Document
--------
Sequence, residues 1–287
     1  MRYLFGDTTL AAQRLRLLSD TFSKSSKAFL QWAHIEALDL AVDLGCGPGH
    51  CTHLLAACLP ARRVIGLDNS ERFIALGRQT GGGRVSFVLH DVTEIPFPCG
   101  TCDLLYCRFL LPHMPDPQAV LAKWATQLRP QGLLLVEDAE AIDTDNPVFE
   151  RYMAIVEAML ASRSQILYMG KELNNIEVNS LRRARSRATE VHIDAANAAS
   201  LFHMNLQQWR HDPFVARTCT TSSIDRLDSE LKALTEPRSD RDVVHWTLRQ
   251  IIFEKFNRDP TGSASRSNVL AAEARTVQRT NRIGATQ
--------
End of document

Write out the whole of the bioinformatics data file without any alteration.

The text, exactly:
Sequence, residues 1–287
     1  MRYLFGDTTL AAQRLRLLSD TFSKSSKAFL QWAHIEALDL AVDLGCGPGH
    51  CTHLLAACLP ARRVIGLDNS ERFIALGRQT GGGRVSFVLH DVTEIPFPCG
   101  TCDLLYCRFL LPHMPDPQAV LAKWATQLRP QGLLLVEDAE AIDTDNPVFE
   151  RYMAIVEAML ASRSQILYMG KELNNIEVNS LRRARSRATE VHIDAANAAS
   201  LFHMNLQQWR HDPFVARTCT TSSIDRLDSE LKALTEPRSD RDVVHWTLRQ
   251  IIFEKFNRDP TGSASRSNVL AAEARTVQRT NRIGATQ